Four full-length practice tests identical in format and question types to the current TOEIC test; Topics and vocabulary identical to those on the actual TOEIC; All test questions answered and explained; Extensive practice in listening and reading comprehension skills with activities that match questions found on the TOEIC. A high score on this test is required by many businesses and institutions when considering job applicants whose first language is not English. The four enclosed audio CDs provide comprehensive instruction in English language listening comprehension. Are you looking for extra support to help you pass the test with confidence?
This introductory article of four briefly analyses a series of broadly-accepted definitions of CLIL as a way of highlighting its most significant characteristics.
But CLIL has been bold enough to encapsulate itself within an acronym, implying that it is an approach, a philosophy - an educational paradigm with frontiers that can be defined. From Ancient Rome to the Internet The acronym itself is a good one, because it is largely self-explanatory.
CLIL itself has been around for a long time - and was put into practice by ancient Roman upper-middle classes, who preferred to have their children educated in Greek.
However, should you want to find definitions of modern CLIL, it is relatively easy to find them.
From abstract to concrete However, the problem with definitions, particularly when it comes to educational approaches, is that they tend to remain rather abstract. In this series of articles, I attempt to make the abstract nature of CLIL-speak more concrete and comprehensible.
Each of those underlined sections will represent a distinct but significant aspect of CLIL that needs highlighting, at least at this stage of the discussion. Five definitions of CLIL 1. CLIL has a dual focus. The next one offers a more detailed description: Content and Language Integrated Learning: Through CLIL-type practice, one learns [subject] content whilst at the same time learning a foreign language.
What could be better than this? CLIL buys us time.
This would seem a good reason as any to promote an approach with a twin set of objectives. One of these objectives is clearly educational to learn subject content and a foreign language and the other is administrative. Since educational and administrative needs often fight for space, this seems a good way to promote peace between them.
We were told in the European Council Resolution in that, "…. Curricula attempting to achieve this aim have been getting more and more desperate in their attempts to find timetabling space. What is the possible answer to this problem?
Why CLIL, of course. Instead of studying Geography in the majority language, do it in a foreign language. As long as it works, the pupils learn the same subject concepts and skills, but increase contact time with the foreign language - crucial consideration in the improvement of attainment levels.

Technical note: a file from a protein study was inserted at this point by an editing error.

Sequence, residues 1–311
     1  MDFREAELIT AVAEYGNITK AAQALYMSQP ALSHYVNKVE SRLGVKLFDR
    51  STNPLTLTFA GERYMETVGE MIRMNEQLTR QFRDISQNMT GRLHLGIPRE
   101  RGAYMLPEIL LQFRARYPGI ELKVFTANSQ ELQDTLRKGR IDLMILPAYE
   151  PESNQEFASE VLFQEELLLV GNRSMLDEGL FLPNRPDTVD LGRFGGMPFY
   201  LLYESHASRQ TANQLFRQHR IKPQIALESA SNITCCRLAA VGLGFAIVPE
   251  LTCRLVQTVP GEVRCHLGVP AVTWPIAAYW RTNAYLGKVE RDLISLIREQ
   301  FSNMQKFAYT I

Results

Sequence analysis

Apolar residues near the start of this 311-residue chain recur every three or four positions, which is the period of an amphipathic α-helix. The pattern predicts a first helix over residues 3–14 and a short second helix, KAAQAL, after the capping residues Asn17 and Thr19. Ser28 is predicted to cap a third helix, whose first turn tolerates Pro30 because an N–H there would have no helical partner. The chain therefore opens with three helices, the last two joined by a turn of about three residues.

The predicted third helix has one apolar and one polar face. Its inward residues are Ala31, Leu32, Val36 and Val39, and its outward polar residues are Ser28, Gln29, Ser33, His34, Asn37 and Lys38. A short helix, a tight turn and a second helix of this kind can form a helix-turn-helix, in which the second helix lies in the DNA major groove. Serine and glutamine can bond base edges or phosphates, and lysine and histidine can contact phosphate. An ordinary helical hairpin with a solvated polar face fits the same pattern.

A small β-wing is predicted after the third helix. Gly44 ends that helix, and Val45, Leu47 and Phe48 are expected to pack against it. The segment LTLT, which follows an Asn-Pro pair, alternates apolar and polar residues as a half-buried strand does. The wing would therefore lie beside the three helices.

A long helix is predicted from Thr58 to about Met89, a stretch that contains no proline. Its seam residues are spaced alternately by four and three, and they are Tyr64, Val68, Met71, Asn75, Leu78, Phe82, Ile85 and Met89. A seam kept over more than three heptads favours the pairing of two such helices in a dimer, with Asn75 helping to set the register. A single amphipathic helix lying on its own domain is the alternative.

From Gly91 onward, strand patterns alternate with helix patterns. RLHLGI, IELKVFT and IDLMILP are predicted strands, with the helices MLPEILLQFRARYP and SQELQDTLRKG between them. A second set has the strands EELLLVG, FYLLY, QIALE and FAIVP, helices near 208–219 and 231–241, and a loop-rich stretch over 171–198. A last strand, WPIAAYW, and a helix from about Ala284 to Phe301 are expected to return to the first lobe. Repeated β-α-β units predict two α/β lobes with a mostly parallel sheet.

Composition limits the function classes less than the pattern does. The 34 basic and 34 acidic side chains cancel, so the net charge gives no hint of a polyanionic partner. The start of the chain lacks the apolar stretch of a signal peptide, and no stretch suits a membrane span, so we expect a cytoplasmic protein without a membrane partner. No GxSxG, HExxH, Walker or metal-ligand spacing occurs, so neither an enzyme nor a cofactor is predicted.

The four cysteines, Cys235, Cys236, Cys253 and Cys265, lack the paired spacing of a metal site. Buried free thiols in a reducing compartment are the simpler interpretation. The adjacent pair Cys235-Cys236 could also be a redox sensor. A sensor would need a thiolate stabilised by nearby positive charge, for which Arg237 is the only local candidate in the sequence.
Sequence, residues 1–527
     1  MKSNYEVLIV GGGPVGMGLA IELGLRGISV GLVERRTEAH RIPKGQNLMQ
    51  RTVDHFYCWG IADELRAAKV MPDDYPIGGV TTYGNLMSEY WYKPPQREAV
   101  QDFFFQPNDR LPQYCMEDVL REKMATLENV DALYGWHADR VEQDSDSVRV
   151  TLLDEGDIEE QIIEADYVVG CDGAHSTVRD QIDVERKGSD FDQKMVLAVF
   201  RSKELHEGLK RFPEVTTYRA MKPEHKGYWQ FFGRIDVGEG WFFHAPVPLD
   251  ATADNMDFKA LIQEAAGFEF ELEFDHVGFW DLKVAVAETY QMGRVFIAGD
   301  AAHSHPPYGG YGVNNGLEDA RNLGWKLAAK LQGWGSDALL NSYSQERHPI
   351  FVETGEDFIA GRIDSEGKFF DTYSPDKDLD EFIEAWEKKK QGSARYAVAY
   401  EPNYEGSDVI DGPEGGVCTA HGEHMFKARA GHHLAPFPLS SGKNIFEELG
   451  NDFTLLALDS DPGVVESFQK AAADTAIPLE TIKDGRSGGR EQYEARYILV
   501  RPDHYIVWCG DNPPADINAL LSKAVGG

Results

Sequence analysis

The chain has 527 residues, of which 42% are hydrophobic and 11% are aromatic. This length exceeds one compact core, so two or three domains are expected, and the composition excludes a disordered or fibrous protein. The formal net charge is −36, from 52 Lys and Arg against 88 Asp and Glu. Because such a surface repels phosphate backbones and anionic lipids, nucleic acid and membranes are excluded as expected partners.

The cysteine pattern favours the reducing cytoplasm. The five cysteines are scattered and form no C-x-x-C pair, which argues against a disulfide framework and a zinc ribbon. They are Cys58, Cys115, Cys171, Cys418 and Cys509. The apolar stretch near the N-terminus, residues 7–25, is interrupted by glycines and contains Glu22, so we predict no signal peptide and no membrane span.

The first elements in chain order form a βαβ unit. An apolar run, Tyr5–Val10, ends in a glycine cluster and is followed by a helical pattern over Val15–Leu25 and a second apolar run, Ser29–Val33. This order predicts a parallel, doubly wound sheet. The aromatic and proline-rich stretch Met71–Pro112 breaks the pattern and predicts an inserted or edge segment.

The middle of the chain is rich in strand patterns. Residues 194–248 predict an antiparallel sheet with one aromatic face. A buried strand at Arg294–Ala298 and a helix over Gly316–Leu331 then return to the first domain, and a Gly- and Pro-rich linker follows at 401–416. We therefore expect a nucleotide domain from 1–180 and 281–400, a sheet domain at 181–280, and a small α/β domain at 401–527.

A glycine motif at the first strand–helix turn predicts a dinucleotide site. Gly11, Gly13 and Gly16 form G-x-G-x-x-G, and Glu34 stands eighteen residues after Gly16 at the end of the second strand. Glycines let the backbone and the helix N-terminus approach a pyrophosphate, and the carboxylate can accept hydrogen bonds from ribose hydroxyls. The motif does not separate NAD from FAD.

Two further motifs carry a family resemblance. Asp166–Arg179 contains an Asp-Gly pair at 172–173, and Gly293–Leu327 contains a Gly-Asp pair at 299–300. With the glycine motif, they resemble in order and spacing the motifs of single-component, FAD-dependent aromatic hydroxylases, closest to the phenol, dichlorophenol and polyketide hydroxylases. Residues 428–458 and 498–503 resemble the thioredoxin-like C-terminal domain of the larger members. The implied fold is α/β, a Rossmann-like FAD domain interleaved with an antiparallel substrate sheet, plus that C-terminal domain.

So far so good. David Graddol wrote that CLIL is "…an approach to bilingual education in which both curriculum content such as science or geography and English are taught together. It differs from simple English-medium education in that the learner is not necessarily expected to have the English proficiency required to cope with the subject before beginning study".
Now this sounds quite radical. Because the teachers would have to adjust their methodology to ensure that the students were understanding the content. They would have to think of other means group work, tasks, etc which would result in an increase of the skill-based focus of the learning. The educational materials textbooks would also have to reflect this approach.
The pupils would be learning language that was more clearly focused on, and related to, the subject matter that they needed to learn. CLIL is not confined to higher-achieving students. It is not an approach for the elite. It fits in perfectly with a mixed-ability philosophy.
Without going much further in this introductory article, we might say that the five or six phenomena described in the above bullet-points are all desirable, in educational terms.What students need to know to do well in BULATS Writing Part One. As mentioned above, students might need to write an email, letter, fax or message.
It is not entirely clear what is meant by “message”, but most BULATS books take it to be a short informal internal email . How to Prepare for the Toeic Bridge Exam de Lin Lougheed.
Book Description The TOEIC Bridge test is an English proficiency exam designed for programs set up to train beginning and intermediate students of the English language.
Reading and Language, Speaking and Writing. The course has hundreds of interactive practice exercises based on input from written and spoken texts (audio and video) that are commonly used in a work or business situation. openbook Writing. In the Writing test, candidates have to write answers using a computer keyboard.
Answers are recorded and sent to examiners for marking. An article by Kerry Maxwell and Lindsay Clandfield covering ways to approach teaching comparatives and superlatives.
To find BULATS blended learning courses in your area, please contact your local BULATS agent. Official Cambridge English preparation materials You can find a wide range of official Cambridge English support materials from Cambridge Assessment English and Cambridge University Press.